RICHMOND, Va. (WTVR) - From the pews of Saint Paul's Episcopal church, to a packed City Council chambers.
Mayor Dwight Jones gets a standing ovation as he's sworn into a second term.
“Thank you for the confidence you have shown in me and my administration.”
Jones is the first to do so since the City of Richmond moved to a popularly elected Mayor in 2004.
"I recognize that I've known from the beginning that we are involved in a marathon, not a sprint. Our mantra has been that we're going to build a better Richmond. And I’ve decided that I’m keeping that mantra going forward. But I am making a slight adjustment to that mantra for this second term. We are building the best Richmond,” said Dwight C. Jones, Richmond Mayor.
In his public address, the 64-year-old Baptist minister pointed to his accomplishments, like opening two new elementary schools with two more on the way, securing the Washington Redskins' summer training camp, building a new city jail, and his plan to overhaul Richmond's public housing.
"I believe with all that I am. That the stars are aligned,” Jones adds, “that the people are in place and the only thing that will stop us from achieving our dreams is our unwillingness to go forward."
But Mayor Jones has been criticized for not being visible during Hurricane Irene and problems within the city's department of Social Services.
There's also been speculation over whether or not Police Chief Bryan Norwood will keep his job.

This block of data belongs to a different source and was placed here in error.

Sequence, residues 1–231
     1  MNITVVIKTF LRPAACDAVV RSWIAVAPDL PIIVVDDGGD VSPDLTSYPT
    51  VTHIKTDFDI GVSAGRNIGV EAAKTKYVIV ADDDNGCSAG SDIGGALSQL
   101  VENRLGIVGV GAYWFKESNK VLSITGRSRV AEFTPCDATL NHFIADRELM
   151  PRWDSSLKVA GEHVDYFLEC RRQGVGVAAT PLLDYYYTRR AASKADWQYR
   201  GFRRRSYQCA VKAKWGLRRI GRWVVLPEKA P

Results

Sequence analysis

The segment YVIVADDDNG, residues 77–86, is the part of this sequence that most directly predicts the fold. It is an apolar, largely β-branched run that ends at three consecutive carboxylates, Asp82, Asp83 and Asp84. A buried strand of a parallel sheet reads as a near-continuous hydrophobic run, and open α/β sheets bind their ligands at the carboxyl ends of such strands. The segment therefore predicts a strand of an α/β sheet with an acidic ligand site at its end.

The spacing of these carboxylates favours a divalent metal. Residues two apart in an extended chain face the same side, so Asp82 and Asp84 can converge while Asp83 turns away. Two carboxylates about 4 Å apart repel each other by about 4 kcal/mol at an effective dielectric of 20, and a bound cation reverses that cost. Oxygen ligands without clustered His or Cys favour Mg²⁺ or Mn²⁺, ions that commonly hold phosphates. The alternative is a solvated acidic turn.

Norwood is one of three finalists for the Chief's position in Raleigh, North Carolina.
Reporter: "Are you planning to make any changes within your administration? "Ah, there may be some tweaks."
Sandra asked Mayor Jones does that mean replacing Chief Norwood?
Reporter: "Do you think there should be new leadership there? There may be some tweaks."
Reporter: "If the Chief leaves would you consider hiring from within or would you do a nationwide search? There may be some tweaks."
And while the consensus among City Council members is that Chief Norwood has made a huge impact in Richmond, they believe that will go a long way someplace else.
"There is a school of thought that suggests from time to time, you should go out and interview. And if that’s what this is, great. If it's something he's truly interested in and he gets the job, I think it's going to be to Raleigh's benefit,” said 2ND District City Councilman Charles Samuels.
Charles Samuels and other City Council members tell CBS 6, they look forward to working with the Mayor and his administration as they enter another tough budget year.
Mayor Jones will outline his future goals in his State of the City address on January 29th.